Brinkley goes on to quote Wade Sanders (a lifelong friend and supporter of John Kerry.)
No neophyte naval officer in his right mind could have been comfortable with those odds, and neither were the PCF veterans. "Our divisions were on the brink of mutiny," PCF-98's Lieutenant Wade Sanders declared of the mood in the junior officers' ranks. "The people that were managing Sealords were sending us up the same river on the same day at the same time, week after week. They might as well have handed out our schedules to the VC. We were also pissed off that we were being ordered to kill livestock and burn hooches even if the enemy wasn't around. There was just a lot of seething discontent when we arrived in Saigon."
The purpose of these paragraphs is to set the scene for what follows. They were never given orders to kill livestock and burn hooches indiscriminately nor were they on the verge of mutiny. The rules of engagement in Vietnam were so strict that CAPT Hoffman had to ask for them to be relaxed in order to protect his men. Even "free fire zones", a term very much misunderstood by civilians, simply meant that you didn't have to ask for permission to fire when you were fired upon.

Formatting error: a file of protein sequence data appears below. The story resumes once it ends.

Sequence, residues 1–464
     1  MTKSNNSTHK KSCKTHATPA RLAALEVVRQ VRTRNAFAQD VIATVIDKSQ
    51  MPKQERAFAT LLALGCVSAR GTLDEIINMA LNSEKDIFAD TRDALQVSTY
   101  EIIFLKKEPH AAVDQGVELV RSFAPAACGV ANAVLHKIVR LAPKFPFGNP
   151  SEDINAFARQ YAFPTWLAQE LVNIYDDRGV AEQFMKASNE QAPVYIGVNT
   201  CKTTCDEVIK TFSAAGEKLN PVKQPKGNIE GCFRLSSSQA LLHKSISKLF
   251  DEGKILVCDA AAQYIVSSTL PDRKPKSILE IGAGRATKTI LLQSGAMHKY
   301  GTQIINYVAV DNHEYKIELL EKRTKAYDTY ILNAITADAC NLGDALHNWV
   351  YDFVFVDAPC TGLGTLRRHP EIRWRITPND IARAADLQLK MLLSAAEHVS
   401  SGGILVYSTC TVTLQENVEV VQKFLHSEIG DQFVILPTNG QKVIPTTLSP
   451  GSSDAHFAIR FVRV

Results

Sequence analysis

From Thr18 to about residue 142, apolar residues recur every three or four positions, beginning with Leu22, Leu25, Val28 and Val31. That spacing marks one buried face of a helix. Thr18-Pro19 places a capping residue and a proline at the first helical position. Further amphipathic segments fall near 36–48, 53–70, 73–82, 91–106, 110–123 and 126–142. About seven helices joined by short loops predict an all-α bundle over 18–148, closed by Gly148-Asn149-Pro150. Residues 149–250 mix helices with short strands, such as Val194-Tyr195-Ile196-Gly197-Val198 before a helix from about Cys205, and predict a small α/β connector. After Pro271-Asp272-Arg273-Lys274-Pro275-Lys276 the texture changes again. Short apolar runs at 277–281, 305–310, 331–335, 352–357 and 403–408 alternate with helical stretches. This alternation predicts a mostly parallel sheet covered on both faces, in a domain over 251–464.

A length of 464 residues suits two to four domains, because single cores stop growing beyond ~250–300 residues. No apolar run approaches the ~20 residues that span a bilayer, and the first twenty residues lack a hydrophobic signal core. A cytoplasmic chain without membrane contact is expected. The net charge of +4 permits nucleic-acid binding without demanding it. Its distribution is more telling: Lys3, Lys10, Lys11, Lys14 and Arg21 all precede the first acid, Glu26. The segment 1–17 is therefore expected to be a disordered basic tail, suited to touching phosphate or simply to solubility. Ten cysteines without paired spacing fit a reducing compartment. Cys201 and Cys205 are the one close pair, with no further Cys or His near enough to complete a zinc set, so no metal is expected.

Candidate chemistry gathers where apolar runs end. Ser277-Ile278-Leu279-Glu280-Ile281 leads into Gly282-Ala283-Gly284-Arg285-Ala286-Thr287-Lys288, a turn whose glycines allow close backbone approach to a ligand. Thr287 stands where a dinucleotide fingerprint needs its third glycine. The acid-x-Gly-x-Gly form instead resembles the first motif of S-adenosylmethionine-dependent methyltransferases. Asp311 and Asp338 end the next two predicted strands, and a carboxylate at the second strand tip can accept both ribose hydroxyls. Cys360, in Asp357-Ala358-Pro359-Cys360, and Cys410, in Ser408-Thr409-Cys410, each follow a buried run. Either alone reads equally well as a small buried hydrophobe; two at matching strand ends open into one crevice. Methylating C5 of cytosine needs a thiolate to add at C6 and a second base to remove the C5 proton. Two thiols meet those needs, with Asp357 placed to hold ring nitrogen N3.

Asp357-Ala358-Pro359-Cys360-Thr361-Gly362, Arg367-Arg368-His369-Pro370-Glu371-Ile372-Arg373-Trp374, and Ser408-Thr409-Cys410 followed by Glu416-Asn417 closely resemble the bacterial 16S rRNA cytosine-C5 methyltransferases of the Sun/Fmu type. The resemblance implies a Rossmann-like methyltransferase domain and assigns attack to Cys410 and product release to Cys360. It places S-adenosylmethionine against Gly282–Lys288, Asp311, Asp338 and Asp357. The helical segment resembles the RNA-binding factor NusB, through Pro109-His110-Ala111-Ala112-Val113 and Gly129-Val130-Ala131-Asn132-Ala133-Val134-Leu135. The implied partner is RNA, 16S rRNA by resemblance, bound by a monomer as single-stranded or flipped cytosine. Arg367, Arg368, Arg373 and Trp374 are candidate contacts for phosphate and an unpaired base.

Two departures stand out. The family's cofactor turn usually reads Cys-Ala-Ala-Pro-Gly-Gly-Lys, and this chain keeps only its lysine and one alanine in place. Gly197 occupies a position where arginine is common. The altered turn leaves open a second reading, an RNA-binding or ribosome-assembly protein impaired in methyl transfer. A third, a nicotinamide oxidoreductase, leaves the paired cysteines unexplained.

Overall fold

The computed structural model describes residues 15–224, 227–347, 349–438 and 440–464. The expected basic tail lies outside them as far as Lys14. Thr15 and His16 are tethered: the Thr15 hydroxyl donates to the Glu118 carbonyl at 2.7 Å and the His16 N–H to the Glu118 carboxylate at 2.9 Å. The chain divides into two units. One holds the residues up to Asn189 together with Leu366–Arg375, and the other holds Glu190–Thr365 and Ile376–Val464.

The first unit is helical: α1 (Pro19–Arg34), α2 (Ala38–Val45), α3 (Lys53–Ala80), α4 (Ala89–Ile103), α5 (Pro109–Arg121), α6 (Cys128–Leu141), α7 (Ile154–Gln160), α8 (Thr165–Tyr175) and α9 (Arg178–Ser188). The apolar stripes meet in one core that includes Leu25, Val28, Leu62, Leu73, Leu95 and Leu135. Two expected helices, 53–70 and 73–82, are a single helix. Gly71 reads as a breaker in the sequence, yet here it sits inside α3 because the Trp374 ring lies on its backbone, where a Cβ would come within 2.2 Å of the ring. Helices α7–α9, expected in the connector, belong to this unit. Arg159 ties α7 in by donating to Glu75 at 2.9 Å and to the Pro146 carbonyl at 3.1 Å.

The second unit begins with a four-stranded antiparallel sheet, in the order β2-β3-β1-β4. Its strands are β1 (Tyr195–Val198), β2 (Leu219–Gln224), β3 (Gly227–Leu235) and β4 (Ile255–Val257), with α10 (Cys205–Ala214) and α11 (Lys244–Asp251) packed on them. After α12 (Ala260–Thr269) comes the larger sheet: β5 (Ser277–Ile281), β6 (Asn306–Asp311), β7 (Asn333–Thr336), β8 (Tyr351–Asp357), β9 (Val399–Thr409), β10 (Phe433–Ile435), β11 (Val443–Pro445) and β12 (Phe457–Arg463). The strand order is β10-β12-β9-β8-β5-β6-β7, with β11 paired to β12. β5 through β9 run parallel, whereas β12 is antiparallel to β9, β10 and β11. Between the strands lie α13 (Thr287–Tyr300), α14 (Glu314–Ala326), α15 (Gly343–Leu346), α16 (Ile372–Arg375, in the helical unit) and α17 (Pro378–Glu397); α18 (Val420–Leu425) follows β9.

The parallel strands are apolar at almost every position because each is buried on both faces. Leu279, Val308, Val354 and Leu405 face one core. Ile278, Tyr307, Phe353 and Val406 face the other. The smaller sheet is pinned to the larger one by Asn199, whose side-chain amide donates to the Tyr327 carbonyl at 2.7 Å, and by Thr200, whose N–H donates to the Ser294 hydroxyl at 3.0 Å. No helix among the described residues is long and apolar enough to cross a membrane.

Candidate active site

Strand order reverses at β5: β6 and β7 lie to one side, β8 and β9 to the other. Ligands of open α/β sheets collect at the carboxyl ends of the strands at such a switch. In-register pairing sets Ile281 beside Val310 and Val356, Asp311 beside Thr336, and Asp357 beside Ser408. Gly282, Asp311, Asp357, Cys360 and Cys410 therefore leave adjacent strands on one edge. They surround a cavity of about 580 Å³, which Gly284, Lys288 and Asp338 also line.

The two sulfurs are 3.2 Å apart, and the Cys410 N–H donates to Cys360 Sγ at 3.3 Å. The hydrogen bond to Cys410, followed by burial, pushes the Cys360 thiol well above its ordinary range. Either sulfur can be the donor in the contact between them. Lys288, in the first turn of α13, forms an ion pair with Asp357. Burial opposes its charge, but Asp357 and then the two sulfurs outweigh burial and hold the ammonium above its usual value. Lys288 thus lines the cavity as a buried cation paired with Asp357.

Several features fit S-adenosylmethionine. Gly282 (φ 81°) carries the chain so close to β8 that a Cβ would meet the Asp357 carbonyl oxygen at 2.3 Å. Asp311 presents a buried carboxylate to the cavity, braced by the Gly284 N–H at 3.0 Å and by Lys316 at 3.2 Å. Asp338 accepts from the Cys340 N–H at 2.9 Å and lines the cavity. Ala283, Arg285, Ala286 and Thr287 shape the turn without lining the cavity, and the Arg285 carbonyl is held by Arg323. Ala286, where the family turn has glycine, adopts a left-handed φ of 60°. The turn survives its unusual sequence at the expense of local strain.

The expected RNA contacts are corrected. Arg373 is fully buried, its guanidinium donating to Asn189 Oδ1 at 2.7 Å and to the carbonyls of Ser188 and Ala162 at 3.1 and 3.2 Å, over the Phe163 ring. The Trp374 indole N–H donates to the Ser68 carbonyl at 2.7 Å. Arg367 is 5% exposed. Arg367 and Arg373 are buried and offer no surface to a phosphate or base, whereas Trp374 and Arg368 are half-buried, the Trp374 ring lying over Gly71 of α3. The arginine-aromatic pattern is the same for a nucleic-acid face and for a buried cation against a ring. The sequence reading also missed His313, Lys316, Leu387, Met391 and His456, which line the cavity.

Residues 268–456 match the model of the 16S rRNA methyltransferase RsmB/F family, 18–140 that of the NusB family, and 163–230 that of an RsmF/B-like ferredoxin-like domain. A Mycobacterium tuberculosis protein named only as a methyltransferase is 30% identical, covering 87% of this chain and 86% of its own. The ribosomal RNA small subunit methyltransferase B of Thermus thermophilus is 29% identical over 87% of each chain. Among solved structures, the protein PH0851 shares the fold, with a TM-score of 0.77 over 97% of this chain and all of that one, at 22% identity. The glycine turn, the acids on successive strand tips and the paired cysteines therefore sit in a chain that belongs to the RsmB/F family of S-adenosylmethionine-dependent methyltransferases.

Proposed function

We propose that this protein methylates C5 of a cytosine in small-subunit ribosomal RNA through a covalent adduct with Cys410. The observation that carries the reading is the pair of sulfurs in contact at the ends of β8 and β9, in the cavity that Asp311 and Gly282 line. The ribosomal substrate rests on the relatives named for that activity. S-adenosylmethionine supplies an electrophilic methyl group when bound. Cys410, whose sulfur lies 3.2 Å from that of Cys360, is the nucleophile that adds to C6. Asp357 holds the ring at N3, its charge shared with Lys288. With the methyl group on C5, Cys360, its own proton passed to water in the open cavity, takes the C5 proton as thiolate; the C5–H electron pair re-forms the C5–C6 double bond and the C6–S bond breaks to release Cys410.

It's important to remember also that all of the officers and crew that served on the Swift boats at that time were volunteers. They didn't have to be there--they chose to be there. Descriptions of men such as the legendary Michael Bernique were of men who loved the danger and were aggressive in their pursuit of combat. In fact, Bernique is credited with a daring foray into a river that, instead of earning him a court martial and demotion, inspired Admiral Zumwalt to create Operation Sealords. LT Rich McCann reminisced, "While we didn't like getting shot at, we had great admiration for Zumwalt himself." It's entirely possible that John Kerry wasn't the only one who had hoped for "an easy billet" when they volunteered, but it's difficult to believe that the majority of the men who served on Swift boats were trying to avoid combat. (On the other hand, nobody wants to get shot at--at least no sane person does.)